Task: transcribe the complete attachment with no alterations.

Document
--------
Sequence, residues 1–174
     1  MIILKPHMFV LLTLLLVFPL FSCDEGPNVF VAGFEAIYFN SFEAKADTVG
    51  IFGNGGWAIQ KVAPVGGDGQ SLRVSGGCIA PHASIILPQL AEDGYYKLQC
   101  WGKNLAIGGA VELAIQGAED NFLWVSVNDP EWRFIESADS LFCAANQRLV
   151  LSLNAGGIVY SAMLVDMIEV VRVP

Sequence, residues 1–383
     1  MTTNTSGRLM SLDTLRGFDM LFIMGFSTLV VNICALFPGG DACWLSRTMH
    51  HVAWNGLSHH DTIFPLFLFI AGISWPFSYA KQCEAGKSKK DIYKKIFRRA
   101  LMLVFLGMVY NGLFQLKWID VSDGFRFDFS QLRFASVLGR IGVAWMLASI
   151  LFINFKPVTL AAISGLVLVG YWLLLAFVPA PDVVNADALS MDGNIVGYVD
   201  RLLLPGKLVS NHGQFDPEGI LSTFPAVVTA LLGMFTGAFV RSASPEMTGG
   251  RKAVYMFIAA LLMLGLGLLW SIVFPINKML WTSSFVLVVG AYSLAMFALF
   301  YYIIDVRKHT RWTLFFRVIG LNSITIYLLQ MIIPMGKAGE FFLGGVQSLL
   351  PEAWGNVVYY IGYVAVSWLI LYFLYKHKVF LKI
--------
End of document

Sequence, residues 1–174
     1  MIILKPHMFV LLTLLLVFPL FSCDEGPNVF VAGFEAIYFN SFEAKADTVG
    51  IFGNGGWAIQ KVAPVGGDGQ SLRVSGGCIA PHASIILPQL AEDGYYKLQC
   101  WGKNLAIGGA VELAIQGAED NFLWVSVNDP EWRFIESADS LFCAANQRLV
   151  LSLNAGGIVY SAMLVDMIEV VRVP

Sequence, residues 1–383
     1  MTTNTSGRLM SLDTLRGFDM LFIMGFSTLV VNICALFPGG DACWLSRTMH
    51  HVAWNGLSHH DTIFPLFLFI AGISWPFSYA KQCEAGKSKK DIYKKIFRRA
   101  LMLVFLGMVY NGLFQLKWID VSDGFRFDFS QLRFASVLGR IGVAWMLASI
   151  LFINFKPVTL AAISGLVLVG YWLLLAFVPA PDVVNADALS MDGNIVGYVD
   201  RLLLPGKLVS NHGQFDPEGI LSTFPAVVTA LLGMFTGAFV RSASPEMTGG
   251  RKAVYMFIAA LLMLGLGLLW SIVFPINKML WTSSFVLVVG AYSLAMFALF
   301  YYIIDVRKHT RWTLFFRVIG LNSITIYLLQ MIIPMGKAGE FFLGGVQSLL
   351  PEAWGNVVYY IGYVAVSWLI LYFLYKHKVF LKI